AI weaponry on the horizon for world powers - report

The US and China duke it out, restricting each other’s access to materials and technology related to AI research and development.

 An autonomous weapon. (photo credit: iHLS)
An autonomous weapon.
(photo credit: iHLS)

The United States and China are engaged in an ongoing tech war revolving around the future of artificial intelligence (AI), according to a recent news release from GlobalData, a London-based data analytics and consulting company. 

Both nations are doing their best to keep the other from acquiring technology and materials that would, among other things, enhance their military’s ability to use and develop AI.

For instance, according to the report, in response to the US’s CHIPS and Science Act, a move that would limit China’s access to US chip manufacturing technology, and other export restrictions, China responded by implementing export controls on gallium and germanium, materials used in manufacturing solar cells and semiconductors.

In fact, on Wednesday, Reuters reported that a Chinese embassy spokesperson in Washington said that China was "very disappointed" that the US decided to prohibit some investments in technology.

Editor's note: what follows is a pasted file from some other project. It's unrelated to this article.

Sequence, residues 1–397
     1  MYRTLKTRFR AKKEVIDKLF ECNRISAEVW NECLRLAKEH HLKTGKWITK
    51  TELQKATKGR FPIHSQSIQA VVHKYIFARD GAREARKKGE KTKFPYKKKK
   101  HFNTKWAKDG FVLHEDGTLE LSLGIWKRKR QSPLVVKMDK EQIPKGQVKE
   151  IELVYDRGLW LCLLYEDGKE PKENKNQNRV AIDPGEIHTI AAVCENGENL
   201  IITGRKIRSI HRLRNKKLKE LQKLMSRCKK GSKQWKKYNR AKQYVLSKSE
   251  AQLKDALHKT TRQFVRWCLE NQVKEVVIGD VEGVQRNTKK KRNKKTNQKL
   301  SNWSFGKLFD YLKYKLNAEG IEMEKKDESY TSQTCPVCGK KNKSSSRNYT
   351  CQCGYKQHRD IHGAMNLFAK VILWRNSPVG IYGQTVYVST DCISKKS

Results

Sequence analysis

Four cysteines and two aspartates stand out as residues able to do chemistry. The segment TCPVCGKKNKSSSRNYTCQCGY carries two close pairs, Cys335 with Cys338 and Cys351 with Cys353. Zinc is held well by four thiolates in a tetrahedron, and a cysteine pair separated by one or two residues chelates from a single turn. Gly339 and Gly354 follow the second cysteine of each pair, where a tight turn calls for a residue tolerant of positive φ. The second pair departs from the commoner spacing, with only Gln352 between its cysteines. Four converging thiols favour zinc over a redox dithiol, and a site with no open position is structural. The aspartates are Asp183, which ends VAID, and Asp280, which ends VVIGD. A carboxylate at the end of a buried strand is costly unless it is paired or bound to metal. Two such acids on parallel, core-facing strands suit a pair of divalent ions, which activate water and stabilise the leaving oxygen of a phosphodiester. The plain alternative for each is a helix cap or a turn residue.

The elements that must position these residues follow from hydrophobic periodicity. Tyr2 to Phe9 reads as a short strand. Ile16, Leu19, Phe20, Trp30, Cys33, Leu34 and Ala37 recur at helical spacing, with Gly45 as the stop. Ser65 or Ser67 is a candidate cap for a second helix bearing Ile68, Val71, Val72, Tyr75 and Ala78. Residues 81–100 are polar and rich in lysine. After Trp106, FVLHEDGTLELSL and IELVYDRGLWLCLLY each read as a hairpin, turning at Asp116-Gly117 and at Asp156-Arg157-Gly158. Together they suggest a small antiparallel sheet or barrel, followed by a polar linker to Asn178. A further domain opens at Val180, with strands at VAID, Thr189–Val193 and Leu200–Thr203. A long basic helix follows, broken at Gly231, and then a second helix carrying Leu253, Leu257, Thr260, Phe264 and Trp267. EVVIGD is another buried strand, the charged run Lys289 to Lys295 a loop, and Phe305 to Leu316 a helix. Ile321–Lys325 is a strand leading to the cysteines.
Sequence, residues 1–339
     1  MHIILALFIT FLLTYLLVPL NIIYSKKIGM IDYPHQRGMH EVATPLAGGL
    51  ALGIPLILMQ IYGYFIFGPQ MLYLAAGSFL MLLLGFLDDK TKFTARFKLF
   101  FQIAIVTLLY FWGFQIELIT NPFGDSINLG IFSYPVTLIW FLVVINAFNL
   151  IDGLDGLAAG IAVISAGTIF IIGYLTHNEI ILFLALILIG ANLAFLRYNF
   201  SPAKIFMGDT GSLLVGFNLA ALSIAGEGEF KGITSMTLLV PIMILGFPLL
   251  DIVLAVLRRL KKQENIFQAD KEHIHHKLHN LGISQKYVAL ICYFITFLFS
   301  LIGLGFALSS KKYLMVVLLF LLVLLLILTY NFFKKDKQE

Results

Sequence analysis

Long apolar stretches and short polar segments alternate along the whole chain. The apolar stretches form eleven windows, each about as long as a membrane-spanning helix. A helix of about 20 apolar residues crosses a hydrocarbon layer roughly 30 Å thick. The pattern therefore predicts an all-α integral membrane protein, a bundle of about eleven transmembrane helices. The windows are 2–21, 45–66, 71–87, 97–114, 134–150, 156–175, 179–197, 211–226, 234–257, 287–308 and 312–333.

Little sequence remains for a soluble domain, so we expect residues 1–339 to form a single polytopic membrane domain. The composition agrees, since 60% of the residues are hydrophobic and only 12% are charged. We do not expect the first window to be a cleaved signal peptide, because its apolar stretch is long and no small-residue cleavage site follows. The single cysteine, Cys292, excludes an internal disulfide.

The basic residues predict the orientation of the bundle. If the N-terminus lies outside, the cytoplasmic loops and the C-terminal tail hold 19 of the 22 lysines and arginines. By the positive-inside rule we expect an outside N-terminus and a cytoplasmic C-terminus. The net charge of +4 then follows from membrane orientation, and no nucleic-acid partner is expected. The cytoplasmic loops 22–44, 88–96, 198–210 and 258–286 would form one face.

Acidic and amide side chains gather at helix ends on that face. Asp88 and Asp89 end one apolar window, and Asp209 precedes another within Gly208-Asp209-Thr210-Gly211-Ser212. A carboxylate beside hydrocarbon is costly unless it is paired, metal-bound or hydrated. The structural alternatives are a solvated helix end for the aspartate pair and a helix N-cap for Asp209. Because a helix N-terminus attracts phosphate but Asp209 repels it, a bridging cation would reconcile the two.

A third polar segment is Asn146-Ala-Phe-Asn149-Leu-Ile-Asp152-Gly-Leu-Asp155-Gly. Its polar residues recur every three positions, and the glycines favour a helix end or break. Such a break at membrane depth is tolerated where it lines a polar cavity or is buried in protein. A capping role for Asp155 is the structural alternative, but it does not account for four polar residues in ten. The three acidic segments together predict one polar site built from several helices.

Land Rover Defender i robot Miloš (credit: Wikimedia Commons)
Land Rover Defender i robot Miloš (credit: Wikimedia Commons)

The Chinese raised concerns in a statement from the embassy spokesperson that US restrictions “seriously undermine the interests of Chinese and American companies and investors [and that] China will closely follow the situation and firmly safeguard [its] rights and interests."

The industry is booming 

The AI industry is exploding in profitability and value. The GlobalData release noted that, while the AI market was already at $81.3 billion in 2022, in 2030, it will reach $908.7 billion, growing at the massive compound annual rate of 35.2%.

This emerging, disruptive technology has particular implications for the future of the battlefield.

“Public interest in AI has surged since the release of OpenAI’s ChatGPT in November 2022, though it has been part of military strategies for decades, said Associate Analyst, Thematic Intelligence at GlobalData, Benjamin Chin. “AI can automate and enhance all aspects of modern warfare, including training and simulation, intelligence gathering, electronic warfare, and frontline service.”

Consequently, the US and China have eager to limit each other’s progress with AI development. Still, other countries are equally looking to capitalize on the martial opportunities of AI, despite ethical concerns.

Autonomous weapons raise concerns

Lethal autonomous weapons (LAWs) are among the weapons that seem likely to become more and more relevant as militaries implement AI. Already, the US, Russia, India, and Israel have blocked UN talks on outlawing the usage of such weapons.

Chin noted that "there is particular concern over autonomous systems' ability to positively identify, target, and eliminate perceived hostile threats without human oversight. However, as with any military technology, the prospect of falling behind other countries may force militaries to integrate AI despite the ethical concerns.”